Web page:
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World's First Solar Airport Generates More Power Than It Consumes

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World's First Solar Airport Generates More Power Than It Consumes

More than 46,000 solar panels have been laid out across 45 acres of land to fuel the operations of Cochin airport, India’s fourth largest in terms of international passenger traffic.

The vast 12 megawatt solar plant that now powers Cochin airport. Photo credit: CIAL

Officials at the airport in the south-western state of Kerala say it will now be “absolutely power neutral”—and will even produce an excess that will boost the state’s electricity grid.

The project’s designers say between 50,000 and 60,000 units of electricity will be supplied each day by the 12 megawatt plant, commissioned by the German multinational engineering and electronics company Bosch at a cost of US$9.5 million.

“When we realized the scale of our power bill, we looked at various possibilities,” says V.J. Kurian, Cochin International’s managing director.

Sustainable Model

“We consume around 48,000 units of power a day. So if we can produce the same by strictly adhering to the green and sustainable model of infrastructure development we always follow, we can send a message to the world.

“Now this has become the world’s first airport that fully operates on solar power. In fact, we are producing a few megawatts of extra energy, which is being contributed to the state’s power grid.”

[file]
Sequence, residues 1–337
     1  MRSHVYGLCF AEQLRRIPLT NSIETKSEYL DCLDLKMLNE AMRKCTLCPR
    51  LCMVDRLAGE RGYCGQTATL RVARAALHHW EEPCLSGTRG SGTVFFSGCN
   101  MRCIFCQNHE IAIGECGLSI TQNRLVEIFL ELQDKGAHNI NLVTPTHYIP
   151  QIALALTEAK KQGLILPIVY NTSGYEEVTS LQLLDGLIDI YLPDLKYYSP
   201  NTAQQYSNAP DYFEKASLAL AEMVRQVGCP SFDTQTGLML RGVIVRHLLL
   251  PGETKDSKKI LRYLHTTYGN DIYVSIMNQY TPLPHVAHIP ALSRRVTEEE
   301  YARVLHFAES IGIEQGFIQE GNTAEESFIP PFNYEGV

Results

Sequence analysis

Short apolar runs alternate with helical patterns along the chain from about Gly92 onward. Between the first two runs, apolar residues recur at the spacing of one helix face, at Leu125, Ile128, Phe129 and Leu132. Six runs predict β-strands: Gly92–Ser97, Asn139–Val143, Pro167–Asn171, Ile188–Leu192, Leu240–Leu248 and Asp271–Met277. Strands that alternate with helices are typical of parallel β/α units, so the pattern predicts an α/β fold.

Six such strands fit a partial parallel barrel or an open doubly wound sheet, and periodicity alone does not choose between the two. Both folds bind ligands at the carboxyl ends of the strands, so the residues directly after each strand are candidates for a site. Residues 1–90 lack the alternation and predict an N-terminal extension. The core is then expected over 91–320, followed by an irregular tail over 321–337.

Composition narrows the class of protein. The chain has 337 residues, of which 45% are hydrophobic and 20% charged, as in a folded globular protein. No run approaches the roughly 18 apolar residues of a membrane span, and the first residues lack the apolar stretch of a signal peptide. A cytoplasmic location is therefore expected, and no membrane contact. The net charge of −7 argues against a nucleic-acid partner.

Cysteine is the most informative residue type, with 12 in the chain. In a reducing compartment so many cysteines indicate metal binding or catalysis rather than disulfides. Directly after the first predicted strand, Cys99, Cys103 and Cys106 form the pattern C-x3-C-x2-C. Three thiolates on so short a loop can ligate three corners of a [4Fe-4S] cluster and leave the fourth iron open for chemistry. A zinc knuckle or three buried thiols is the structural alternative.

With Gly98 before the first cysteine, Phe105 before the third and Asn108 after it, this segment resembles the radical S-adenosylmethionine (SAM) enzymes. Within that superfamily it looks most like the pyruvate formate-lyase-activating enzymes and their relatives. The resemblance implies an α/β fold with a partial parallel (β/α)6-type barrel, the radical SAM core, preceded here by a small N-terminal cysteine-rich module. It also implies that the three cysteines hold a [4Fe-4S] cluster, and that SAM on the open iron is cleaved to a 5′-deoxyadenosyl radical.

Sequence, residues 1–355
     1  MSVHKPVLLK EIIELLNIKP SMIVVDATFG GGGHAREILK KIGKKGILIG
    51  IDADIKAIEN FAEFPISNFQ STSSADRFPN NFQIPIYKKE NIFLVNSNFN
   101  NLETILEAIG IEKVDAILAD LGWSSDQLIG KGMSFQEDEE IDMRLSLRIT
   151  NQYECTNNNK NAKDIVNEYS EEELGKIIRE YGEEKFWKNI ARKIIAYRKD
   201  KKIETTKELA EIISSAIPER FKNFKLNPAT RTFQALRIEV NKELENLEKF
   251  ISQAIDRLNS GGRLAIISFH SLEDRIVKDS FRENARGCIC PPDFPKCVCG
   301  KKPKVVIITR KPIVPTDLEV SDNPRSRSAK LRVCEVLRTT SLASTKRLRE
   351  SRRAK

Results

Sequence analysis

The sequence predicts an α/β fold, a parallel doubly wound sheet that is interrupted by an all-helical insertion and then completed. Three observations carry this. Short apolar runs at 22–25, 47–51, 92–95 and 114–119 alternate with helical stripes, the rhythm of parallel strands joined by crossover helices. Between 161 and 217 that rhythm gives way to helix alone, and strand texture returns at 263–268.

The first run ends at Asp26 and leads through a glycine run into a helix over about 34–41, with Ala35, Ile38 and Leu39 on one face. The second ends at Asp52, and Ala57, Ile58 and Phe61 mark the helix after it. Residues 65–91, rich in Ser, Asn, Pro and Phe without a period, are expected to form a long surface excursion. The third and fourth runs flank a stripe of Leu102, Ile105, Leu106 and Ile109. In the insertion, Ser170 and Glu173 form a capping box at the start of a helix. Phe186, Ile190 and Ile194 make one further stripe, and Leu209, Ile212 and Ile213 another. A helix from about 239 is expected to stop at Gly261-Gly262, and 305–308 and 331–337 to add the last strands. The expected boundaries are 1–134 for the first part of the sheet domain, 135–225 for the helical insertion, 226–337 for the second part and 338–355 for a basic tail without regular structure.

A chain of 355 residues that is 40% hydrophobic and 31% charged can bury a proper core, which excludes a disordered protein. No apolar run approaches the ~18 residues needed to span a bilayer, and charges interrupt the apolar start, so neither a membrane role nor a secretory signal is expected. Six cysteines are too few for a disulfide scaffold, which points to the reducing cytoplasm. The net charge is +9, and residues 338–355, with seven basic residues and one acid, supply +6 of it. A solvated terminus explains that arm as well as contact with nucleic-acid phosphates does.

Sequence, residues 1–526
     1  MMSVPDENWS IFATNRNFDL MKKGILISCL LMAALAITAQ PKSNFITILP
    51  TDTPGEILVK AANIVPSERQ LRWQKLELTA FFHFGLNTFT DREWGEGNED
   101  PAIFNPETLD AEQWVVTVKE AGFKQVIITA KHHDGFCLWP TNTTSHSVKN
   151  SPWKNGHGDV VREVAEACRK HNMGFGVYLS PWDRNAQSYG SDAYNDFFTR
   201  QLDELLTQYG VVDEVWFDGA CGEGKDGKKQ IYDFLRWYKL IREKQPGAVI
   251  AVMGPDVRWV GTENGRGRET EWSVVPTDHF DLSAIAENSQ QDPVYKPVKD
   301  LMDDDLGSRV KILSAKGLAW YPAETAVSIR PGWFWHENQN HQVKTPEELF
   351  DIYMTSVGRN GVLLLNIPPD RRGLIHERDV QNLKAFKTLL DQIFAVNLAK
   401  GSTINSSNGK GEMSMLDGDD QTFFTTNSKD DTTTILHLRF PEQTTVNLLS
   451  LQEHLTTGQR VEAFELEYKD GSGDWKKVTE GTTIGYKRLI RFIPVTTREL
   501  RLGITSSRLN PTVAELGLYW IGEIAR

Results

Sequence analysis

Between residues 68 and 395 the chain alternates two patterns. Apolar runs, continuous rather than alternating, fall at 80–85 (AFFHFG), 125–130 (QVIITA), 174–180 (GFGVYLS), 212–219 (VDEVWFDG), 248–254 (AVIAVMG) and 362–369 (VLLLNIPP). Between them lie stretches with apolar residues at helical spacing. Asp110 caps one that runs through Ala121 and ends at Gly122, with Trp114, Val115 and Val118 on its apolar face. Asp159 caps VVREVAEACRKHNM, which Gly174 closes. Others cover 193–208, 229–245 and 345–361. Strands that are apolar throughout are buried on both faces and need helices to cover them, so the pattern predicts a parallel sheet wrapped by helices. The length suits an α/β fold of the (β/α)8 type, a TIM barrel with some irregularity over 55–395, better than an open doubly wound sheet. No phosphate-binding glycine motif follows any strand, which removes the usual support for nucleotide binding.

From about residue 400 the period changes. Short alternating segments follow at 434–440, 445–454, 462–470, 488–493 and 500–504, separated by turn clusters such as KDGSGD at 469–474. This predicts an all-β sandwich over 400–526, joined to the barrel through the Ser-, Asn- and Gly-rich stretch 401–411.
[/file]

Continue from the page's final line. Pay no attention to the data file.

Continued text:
India, which relies heavily on coal-fired power plants for its energy, is the world’s fourth biggest emitter of greenhouse gases (GHGs), sending nearly 1.3 million tonnes into the atmosphere each year. China is the world’s biggest polluter, with annual GHG emissions of more than six million tonnes.

Other airports in India are now being urged by the government to follow Cochin’s lead. The Netaji Subash Chandra Bose International Airport in Kolkata, West Bengal is already planning to set up a 15 megawatt solar plant on 60 acres of land.

Around the world, other airports are adopting solar power to run all or part of their ground operations.

Cost-Effective

A new international airport in Mexico City aims to be the world’s most sustainable when completed in 2018. The revamped Terminal 2 at London Heathrow airport has many solar features integrated into its operations. And Denver International is one of a number of U.S. airports utilizing solar power plants.

Cochin International says its new solar plant, which began operations in mid-August, is cost-effective, very efficient—and has attracted widespread attention.

The airport’s public relations manager, P.S.Jayan, told Climate News Network: “During the inauguration of the airport service, schoolchildren visited to see how solar energy is used to operate the entire airport facility.

“We have received many requests from schoolteachers who want to send their students here to learn about renewable energy.”

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